I started out my trip with some awesome friends in western Mass and some prototyping. Emily Boss Care and Epidiah Ravachol met me in Boston and we drove to Greenfield, the trip just flew by as we talked and talked. I had ulterior motives though as I had a vexing problem with a game I just could not quite start, the premise / problem is thus:
Create a game that can be played with an event ticket, the game should help people break the ice and give them a reason to continue to play with others throughout the even.
We started playing with some props I brought and ended up with a few rounds of liars poker (with $2 bills), a fun game that is usually played for the money, but I figure that every ticket can have a unique (though not necessarily unique) serial number.
We kept going and played a little 3 player “are you a werewolf” and followed that up with some rock-paper-scissors.
We added a little twist to the game which put one werewolf and 2 villagers and said that the werewolf was permitted to cheat in liars poker, and added an rps symbol to the ticket that enabled the player to “change their choice” after play.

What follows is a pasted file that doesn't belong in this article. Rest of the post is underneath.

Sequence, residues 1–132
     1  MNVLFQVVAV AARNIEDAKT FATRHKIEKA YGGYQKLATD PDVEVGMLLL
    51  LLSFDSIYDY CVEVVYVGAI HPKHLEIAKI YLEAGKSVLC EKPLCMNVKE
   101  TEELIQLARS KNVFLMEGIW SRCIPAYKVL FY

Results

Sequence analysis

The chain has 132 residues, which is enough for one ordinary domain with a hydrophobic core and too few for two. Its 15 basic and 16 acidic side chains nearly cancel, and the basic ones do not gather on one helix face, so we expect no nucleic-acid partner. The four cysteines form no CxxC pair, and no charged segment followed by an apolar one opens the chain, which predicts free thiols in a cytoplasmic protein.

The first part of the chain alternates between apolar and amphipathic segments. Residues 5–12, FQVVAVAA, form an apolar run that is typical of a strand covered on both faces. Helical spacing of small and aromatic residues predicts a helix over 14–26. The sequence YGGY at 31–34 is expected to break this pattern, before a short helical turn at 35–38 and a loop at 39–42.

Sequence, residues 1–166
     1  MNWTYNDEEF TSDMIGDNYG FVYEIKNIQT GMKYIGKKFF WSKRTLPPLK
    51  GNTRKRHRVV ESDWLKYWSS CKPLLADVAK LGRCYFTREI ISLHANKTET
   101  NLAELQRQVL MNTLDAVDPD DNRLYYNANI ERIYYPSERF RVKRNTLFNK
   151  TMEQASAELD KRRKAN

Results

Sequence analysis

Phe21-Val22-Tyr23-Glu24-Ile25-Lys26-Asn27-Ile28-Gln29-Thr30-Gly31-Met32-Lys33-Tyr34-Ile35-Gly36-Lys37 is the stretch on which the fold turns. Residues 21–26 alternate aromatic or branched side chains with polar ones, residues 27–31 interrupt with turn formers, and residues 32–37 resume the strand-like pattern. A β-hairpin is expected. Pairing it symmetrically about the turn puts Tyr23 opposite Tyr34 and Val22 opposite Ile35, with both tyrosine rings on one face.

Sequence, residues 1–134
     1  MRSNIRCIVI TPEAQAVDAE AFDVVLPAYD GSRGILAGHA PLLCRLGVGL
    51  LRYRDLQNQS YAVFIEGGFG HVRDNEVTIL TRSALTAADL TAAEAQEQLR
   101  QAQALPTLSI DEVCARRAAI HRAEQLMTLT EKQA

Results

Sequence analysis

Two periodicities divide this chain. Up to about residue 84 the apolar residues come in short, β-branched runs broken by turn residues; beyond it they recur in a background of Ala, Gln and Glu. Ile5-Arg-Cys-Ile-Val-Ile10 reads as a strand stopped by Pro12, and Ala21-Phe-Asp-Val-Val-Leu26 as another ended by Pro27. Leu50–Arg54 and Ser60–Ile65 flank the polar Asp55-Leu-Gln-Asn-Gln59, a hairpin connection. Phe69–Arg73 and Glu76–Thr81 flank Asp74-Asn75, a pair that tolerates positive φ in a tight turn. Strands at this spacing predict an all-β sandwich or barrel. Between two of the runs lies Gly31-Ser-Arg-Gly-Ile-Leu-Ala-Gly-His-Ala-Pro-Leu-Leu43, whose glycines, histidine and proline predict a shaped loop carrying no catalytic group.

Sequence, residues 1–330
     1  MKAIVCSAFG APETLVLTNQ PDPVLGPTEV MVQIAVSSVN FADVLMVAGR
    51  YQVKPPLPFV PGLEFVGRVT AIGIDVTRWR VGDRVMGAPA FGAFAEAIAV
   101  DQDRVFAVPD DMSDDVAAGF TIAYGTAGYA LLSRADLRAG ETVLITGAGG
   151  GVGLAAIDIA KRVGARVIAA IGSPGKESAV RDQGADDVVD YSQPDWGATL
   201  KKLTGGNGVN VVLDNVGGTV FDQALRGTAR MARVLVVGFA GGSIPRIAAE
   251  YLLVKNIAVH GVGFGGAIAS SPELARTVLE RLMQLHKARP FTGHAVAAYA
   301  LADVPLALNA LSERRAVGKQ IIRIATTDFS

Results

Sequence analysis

This became kind of interesting, but we realized that there should be a way to reveal portions of the information to other players to “prove” your results.
An interesting aspect emerged that if a player did really well on liars poker, they were immediately suspected of being a werewolf.
To add a social element and make the players seek out new players, we added a kind of experience points that let the players change roles as they gained them.
The biggest innovation was an overlapping tri-fold that kept some info secret while revealing others. This could facilitate the whole game.
Playing the ELD game days later I realize the greatest challenge is going to be finding the right audience that will play, but our little prototype is pretty good. I just need to find a dozen or fifty people to test it on.
If I see you this summer, we should play…